Book Review – Healing Spices by Kirsten Hartvig.

Healing Spices

3 out of 5 stars.

I would like to thank Watkins Publishing for a free ARC of this book, via Netgalley, in exchange for an open and honest review.

Firstly, I would like to apologise to Ms Hartvig as, when I started reading this book, I was going to pan it for being ‘just another spice book’… as I’ve been reading and reviewing a lot of them lately and that is just how this book starts too –  the same old same old formatting meant I almost gave up on it.

Especially when I mistakenly thought she was going to say cinnamon was the same as cassia… and I am still a little put out by Cocoa being the same as Cacao, rather than a more refined version of it, but we won’t go there either – this is an apology after all! 😉

So, Ms Hartvig, I am sorry. This ISN’T just another cookie cutter of a spice book… it just starts out that way. But if the reader can get past that first section and get into some of the simply MAGICAL spice blends Ms Hartvig then shares… let alone the recipes… all is forgiven.

It was like trudging through a boring little forest and then coming across a clearing filled with beauty, wonder and delight! I am so glad I kept reading.

And, though I am sad to say this as I don’t feel cook books should NEED pictures, I do feel some of the dull monotony I felt within this book was due to the lack of pictures. Being a novice herbalist, I enjoy seeing images of the herbs and spices in question. And it would have lifted the whole book to have images of the spices, blends and some of the recipes throughout. Just to add some colour and to break up the writing some more. Again, this is just my opinion and as a reference book and for a true cook – pictures seriously aren’t required. Have faith in your own cooking skills, rather than need to compare your end result to the picture in the book!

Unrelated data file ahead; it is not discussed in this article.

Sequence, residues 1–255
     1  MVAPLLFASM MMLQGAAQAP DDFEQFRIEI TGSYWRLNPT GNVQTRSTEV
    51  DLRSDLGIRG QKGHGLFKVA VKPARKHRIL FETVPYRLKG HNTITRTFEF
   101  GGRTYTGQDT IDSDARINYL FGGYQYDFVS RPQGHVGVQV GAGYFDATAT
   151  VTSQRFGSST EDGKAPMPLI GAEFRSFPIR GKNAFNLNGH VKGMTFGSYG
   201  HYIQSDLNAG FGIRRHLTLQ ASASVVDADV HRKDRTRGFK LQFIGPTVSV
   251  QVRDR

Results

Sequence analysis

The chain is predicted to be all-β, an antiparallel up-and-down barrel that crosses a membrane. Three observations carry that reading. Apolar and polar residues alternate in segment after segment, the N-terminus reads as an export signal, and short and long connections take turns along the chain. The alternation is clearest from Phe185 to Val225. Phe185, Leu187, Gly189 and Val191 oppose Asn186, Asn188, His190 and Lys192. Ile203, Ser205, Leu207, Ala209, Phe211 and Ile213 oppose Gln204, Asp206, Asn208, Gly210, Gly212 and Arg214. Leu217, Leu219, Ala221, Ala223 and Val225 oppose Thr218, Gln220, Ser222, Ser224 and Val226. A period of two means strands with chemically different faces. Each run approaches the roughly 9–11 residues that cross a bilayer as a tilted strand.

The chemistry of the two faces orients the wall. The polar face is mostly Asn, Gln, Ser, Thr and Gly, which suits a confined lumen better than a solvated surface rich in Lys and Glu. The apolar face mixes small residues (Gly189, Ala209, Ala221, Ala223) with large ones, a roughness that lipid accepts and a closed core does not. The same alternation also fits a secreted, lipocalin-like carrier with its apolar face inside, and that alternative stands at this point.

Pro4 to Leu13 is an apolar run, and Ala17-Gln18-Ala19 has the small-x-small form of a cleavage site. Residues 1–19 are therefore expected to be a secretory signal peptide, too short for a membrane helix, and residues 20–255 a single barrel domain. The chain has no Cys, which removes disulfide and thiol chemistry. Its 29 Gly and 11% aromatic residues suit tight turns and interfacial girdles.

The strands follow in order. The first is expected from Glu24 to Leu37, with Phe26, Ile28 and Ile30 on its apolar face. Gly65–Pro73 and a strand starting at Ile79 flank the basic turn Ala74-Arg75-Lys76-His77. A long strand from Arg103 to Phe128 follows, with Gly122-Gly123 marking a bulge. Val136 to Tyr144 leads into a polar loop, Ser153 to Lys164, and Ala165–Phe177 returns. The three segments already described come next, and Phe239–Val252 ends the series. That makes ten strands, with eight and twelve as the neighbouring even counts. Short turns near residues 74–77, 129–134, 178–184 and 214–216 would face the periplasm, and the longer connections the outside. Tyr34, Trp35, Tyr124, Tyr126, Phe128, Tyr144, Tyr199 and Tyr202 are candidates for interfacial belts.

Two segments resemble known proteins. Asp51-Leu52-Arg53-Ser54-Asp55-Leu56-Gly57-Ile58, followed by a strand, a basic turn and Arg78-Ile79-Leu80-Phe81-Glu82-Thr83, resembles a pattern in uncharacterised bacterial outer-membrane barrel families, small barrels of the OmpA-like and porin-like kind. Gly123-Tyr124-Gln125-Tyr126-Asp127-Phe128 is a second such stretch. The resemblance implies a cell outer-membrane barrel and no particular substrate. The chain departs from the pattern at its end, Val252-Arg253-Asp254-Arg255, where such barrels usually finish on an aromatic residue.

Other than that, the formatting of the work and recipes was clear and easy to follow. The measurements throughout the recipe section were in both metric and imperial and all in all I adored the recipe section and it really turned around my opinion of the book!

Would I recommend this book to others?

I’m honestly not too sure. There are some GREAT recipes in the second half of the book and they are very clear and easy to follow… but I do feel some people may be put off by the lack of images. It’s all vanity I know, but it’s just a feeling I get.

Would I buy this book for myself?

Again, not too sure. There were some jaw dropping recipes I’ve not see before, some old favourites done a little differently and enough in there to pique my interest… but whether it would encourage me to buy it, rather than borrow it from a library? I really can’t answer that.

In summary: Don’t be put off by the first half of the book or the lack of images. The spice blends and recipe section is well worth a look and full of some incredibly tempting food ideas laid out in very clear and precise – easy to follow – instructions. A good little spice cook book seeming to be hidden in a rather mediocre spice reference book. 😉

Until next time,



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